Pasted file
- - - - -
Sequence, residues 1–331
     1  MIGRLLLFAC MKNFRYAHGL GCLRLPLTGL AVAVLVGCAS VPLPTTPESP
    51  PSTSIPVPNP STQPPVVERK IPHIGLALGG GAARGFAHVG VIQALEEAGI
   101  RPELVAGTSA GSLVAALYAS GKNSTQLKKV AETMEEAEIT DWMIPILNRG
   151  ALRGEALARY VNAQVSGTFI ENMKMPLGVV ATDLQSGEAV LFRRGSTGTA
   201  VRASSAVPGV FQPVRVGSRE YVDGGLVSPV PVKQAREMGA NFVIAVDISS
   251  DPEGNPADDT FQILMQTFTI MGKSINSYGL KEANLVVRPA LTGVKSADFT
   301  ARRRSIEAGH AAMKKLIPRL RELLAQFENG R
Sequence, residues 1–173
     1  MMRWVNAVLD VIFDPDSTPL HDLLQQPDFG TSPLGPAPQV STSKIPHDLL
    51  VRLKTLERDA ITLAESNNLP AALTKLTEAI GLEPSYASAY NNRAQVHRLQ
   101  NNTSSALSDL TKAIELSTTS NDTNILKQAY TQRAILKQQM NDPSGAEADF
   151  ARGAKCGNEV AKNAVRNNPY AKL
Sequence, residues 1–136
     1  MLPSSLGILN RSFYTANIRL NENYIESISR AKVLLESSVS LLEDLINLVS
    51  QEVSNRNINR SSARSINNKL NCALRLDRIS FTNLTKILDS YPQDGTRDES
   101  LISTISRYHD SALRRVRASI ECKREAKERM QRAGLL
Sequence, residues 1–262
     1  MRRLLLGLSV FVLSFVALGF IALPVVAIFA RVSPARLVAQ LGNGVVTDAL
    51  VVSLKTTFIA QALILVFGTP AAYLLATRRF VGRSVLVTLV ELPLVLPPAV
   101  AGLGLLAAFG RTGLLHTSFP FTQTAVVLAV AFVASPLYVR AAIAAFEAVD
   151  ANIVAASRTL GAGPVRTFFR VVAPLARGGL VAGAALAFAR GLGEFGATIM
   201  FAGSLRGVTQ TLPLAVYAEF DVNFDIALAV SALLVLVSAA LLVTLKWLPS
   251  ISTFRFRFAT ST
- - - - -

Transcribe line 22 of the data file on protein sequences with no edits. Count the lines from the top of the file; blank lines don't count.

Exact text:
   151  ANIVAASRTL GAGPVRTFFR VVAPLARGGL VAGAALAFAR GLGEFGATIM